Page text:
Although immigrant admissions policy is the purview of the federal government, localities and states are critical players in understanding the policy context for immigrant residents. States and localities play crucial roles in issues of immigration enforcement, access to and use of public services, and integration. Urban researchers offer expertise in immigration and integration policies and practices at local, state, and federal levels.
The Urban Institute is currently fielding the Annual Survey of Refugees for the U.S. Office of Refugee Resettlement and leading an effort to assess and redesign the survey while convening stakeholders to set a policy research agenda on refugee self-sufficiency and integration in the United States. The collection of evidence to inform debates on refugees and other immigrants in the U.S. is critical.
Together, immigrants and their children make up one-quarter of the U.S. population, with much higher concentration in many cities and suburbs across the country. Urban Institute researchers bring in-depth expertise on wellbeing and public services to explore the experiences of families and children across these diverse communities, by lifting up key demographic data, exploring how public services can reach those who need them, and understanding the multigenerational integration of immigrant families.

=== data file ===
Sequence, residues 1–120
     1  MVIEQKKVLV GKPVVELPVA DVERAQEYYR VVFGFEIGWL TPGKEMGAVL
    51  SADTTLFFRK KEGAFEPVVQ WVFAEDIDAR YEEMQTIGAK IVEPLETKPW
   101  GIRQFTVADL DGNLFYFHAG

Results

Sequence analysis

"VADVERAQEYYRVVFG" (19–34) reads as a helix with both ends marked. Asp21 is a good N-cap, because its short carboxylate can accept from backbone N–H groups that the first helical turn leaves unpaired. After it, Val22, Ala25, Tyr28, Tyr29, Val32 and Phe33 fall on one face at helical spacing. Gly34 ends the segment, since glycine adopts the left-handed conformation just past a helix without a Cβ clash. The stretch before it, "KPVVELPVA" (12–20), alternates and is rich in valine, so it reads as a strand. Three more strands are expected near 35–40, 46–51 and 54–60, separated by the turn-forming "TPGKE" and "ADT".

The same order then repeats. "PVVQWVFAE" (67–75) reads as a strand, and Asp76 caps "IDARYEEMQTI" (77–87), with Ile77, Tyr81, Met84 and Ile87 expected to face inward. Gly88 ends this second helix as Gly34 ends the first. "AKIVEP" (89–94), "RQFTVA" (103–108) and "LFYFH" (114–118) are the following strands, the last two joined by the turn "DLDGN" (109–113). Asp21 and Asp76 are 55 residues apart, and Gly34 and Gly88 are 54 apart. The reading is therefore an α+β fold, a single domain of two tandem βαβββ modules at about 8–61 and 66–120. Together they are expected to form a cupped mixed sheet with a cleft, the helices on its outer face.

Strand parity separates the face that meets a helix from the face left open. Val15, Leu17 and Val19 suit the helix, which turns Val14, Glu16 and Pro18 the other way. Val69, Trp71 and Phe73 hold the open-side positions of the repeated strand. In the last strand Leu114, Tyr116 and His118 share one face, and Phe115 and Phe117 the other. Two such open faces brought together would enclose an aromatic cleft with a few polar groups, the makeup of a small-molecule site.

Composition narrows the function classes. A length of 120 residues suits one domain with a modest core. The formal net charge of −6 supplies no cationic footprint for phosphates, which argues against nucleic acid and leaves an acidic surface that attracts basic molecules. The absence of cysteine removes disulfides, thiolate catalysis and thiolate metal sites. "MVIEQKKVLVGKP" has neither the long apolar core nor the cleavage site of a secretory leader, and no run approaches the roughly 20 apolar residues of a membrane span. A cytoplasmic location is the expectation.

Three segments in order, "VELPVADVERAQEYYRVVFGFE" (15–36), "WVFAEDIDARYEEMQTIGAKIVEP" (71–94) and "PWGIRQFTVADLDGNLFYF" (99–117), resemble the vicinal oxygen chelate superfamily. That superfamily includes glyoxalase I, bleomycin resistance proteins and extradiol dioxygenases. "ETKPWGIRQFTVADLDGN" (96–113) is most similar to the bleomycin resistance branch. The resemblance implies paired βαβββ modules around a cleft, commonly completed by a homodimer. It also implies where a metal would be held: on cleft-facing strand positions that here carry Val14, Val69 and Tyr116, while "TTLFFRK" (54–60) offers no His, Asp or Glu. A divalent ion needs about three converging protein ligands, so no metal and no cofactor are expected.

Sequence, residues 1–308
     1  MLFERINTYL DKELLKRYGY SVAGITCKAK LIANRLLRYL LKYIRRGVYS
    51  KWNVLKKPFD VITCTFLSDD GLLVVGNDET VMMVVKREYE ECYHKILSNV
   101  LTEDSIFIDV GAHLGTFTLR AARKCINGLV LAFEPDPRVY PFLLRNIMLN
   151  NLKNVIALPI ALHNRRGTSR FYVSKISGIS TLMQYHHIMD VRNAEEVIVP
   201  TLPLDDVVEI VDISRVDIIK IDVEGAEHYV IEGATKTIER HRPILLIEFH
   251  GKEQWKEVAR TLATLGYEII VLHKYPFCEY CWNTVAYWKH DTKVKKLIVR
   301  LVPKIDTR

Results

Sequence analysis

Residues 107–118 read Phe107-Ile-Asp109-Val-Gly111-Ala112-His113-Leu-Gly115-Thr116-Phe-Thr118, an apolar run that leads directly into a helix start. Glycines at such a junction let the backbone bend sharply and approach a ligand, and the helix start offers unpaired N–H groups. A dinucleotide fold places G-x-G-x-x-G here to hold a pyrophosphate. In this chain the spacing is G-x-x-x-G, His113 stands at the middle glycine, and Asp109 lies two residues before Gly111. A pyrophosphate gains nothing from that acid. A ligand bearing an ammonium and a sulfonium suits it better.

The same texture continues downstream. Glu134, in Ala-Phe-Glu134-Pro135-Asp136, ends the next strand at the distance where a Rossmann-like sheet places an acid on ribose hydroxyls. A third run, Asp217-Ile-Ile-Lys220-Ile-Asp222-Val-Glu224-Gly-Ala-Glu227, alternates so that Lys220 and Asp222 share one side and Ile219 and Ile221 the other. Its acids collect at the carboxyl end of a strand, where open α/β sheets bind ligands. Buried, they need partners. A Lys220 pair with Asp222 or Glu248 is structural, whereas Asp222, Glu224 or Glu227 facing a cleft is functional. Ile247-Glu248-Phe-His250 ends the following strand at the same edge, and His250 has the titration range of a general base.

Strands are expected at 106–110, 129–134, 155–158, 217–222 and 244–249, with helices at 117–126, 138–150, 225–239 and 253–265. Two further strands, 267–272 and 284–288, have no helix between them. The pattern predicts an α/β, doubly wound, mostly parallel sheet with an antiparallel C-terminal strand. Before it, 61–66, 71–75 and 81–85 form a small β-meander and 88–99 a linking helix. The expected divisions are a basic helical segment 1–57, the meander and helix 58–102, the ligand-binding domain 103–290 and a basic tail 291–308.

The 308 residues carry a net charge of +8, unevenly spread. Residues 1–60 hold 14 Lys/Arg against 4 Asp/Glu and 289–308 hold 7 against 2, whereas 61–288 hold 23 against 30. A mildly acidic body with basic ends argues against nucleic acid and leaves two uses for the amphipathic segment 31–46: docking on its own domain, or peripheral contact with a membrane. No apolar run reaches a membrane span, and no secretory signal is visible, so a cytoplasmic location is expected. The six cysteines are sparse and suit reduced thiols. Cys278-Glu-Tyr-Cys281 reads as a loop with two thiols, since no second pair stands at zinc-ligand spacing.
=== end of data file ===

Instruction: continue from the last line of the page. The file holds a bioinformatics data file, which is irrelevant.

Immigrants make up 13 percent of the U.S. population but they are 16 percent of the workforce, and are concentrated in occupations and industries at the high-, middle-, and low-skilled levels. Urban scholars offer expertise in the economic and fiscal impact of immigration, the immigrant workforce, and how to support more effective training and upskilling of this population.